Philosophy

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Seeking constant distractions and identifying with brands and status symbols, we struggle to escape the superficial self. Shutterstock/Sean De Burca

The lies of happiness: living with affluenza but without fulfilment

In the first of our series, On Happiness, the question is whether unsustainable consumption and debt can ever bring us happiness. The global financial question was a chance to take stock, yet did we learn anything?
Under certain conditions, war may be morally permissible, or even necessary. EPA/Said Yusuf Warsame

How should we think about war? Understanding Just War Theory

Political leaders frequently invoke Just War Theory to ground their explanations of why they are waging war against another state and how they plan to do so. What are the key components of this moral position?
There is precious little dignity available for those Australians who are in the last stages of their lives. shutterstock

The slow politics of dignity for the aged and dying in Australia

The contrast between rights with dignity and rights without is increasingly apparent with regard to two groups of Australians: retirees and those in aged-care facilities.
Perth City.

Philosophy for the people: commencing a dialogue

I have always been interested in how we try to understand the world in which we live, and artworks provide us with a great stimulus for such discussions. My research focuses on aesthetics, ethics and education…
Former SS member Oskar Groening, 93, is on trial, charged with accessory in the murder of about 300,000 people at Auschwitz. EPA/AXEL HEIMKEN / POOL

Oskar Groening and our own guilt for crimes committed collectively

Oskar Groening has declared his moral guilt as an Auschwitz accountant. His trial, currently underway, points to difficult questions about the implications of our own participation in collective activities.
Memory makes us human but also sometimes inhumane. Trung Bui Viet

What Ishiguro’s Buried Giant tells us about memory

Though Kazuo Ishiguro makes us wonder whether remembering is really better than forgetting, he also makes it clear that the answer is irrelevant. Remembering is our fate.
Australia’s politicians were unable to save Myuran Sukumaran and Andrew Chan from a firing squad in Indonesia. AAP/Mick Tsikas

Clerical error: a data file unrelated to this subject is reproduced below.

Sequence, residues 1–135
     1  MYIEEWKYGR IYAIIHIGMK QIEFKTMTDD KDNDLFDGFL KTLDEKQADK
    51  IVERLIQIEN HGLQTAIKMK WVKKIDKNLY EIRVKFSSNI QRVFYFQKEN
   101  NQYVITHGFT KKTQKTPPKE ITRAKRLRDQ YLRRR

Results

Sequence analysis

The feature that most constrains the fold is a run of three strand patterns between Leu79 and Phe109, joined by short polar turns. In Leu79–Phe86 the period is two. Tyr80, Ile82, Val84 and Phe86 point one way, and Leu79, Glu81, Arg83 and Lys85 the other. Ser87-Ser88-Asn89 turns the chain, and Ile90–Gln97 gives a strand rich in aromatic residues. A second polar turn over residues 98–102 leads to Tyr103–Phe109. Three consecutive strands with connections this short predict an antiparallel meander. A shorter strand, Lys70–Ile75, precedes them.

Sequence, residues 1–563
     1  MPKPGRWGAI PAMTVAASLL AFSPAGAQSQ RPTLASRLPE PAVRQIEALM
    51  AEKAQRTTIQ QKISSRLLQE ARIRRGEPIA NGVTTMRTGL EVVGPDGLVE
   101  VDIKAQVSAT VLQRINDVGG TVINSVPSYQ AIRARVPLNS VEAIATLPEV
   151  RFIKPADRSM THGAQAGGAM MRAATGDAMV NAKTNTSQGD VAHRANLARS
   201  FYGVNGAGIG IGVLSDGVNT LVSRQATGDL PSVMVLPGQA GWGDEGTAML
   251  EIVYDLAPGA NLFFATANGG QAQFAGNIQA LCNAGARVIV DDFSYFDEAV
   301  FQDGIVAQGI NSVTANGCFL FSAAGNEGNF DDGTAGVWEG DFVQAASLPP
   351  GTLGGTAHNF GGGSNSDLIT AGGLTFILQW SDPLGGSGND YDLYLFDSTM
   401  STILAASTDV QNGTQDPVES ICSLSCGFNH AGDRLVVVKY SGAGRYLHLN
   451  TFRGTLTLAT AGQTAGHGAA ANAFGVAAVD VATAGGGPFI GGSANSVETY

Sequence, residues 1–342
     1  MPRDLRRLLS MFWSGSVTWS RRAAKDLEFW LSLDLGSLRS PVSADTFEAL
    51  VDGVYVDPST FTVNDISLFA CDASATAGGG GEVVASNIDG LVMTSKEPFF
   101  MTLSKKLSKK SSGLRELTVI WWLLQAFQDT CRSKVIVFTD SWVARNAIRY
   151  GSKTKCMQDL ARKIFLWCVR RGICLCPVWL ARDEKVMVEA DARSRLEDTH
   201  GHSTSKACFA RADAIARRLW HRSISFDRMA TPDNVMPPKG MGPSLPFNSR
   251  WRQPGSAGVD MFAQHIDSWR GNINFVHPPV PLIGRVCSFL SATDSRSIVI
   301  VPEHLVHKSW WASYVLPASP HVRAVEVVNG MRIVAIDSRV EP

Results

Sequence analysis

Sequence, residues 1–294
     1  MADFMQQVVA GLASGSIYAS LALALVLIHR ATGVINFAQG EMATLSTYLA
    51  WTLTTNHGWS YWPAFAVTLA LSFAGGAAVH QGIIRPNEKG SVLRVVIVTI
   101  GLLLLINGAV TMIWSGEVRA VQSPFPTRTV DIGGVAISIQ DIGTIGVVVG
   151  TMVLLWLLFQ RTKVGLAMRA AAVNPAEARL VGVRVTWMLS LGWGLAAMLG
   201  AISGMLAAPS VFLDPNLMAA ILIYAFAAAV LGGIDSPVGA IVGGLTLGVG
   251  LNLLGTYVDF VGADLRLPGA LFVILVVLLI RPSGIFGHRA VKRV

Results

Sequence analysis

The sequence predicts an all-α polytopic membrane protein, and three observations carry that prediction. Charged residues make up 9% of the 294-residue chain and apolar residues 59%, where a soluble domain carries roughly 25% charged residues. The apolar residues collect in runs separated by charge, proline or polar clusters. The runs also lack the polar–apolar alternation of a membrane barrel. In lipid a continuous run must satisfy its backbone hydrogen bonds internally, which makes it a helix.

Chan and Sukumaran are victims of the futile war on drugs

Australia's politicians were unable to make the most persuasive argument for clemency for Andrew Chan and Myuran Sukumaran because Australia is also a combatant in the misguided war on drugs.
Not the aisle for happiness. consumer via www shutterstock com

Consumed: why more stuff does not mean more happiness

A lifestyle based on aggressive consumption stresses the Earth's resources and, beyond a certain point of comfort, does not actually foster human fulfillment or happiness.
The institute of marriage can only be made stronger by recognising all marriages. Danielle

An ethical case for marriage equality in Australia

Little progress has been made on debates about marriage equality in Australia – even though a majority of the population is in favour of it. How might ethical frameworks help us better understand the issues?
The capacity for compassion is with us from birth, but as a community we have lost sight of the value of treating all others as we wish to be treated ourselves. AAP/Julian Smith

Australia, a nation in need of compassion-focused therapy

A global movement aims to let compassion guide political and community life. This has obvious relevance for a competition-driven nation with a troubling capacity for harsh attitudes and policy.
The FGM-148 Javelin anti-tank missile is the sort of ‘lethal defensive weapon’ the US may consider supplying to Ukraine. Wikimedia Commons/US Army

Purely ‘defensive weapons’? There’s no such thing for Ukraine or anywhere else

Barack Obama is considering supplying "lethal defensive weapons" to Ukraine. But how meaningful is that description? There are simply "weapons", all of which can be used for defence or for aggression.
The Allied bombing of Dresden, which killed 25,000 civilians, during the Second World War is but one example of state terrorism. German Federal Archive

When talking about terrorism, let’s not forget the other kind

To overcome the kind of relativism captured by the cliché “one person’s terrorist is another’s freedom fighter”, we need to define terrorism independently of who is employing it. Here is the definition…
The tragedies of ancient Greece underpin Nietzsche’s understanding of what it means to be an artist. Hans Runge/Flickr

Living life as an artist: Nietzsche on creativity

Love or loathe him, philosopher Friedrich Nietzsche (1844-1900) offered a unique way of considering creativity in his first major work, The Birth of Tragedy, published in 1872. Competing creative energies…
Australians don’t like the death penalty – we just don’t want the discomfort of having to care about the people it’s applied to. EPA/Made Nagi

The Bali Nine, and how not to argue for the death penalty

Barring some sort of last-minute miracle, two relatively young Australian men, Andrew Chan and Myuran Sukumaran, are going to be killed by the Indonesian state. They will not be the first to die this way…
Stéphane Charbonnier’s Charlie Hebdo offended people of all religions, but when does causing offence become unethical? EPA/Yoan Valat

How do we decide if offending someone is unethical or not?

Causing offence to others often causes hurt. Such actions have been condemned as unethical, even immoral behaviour in a civilised society. There have been many examples. The Bill Henson photographs of…

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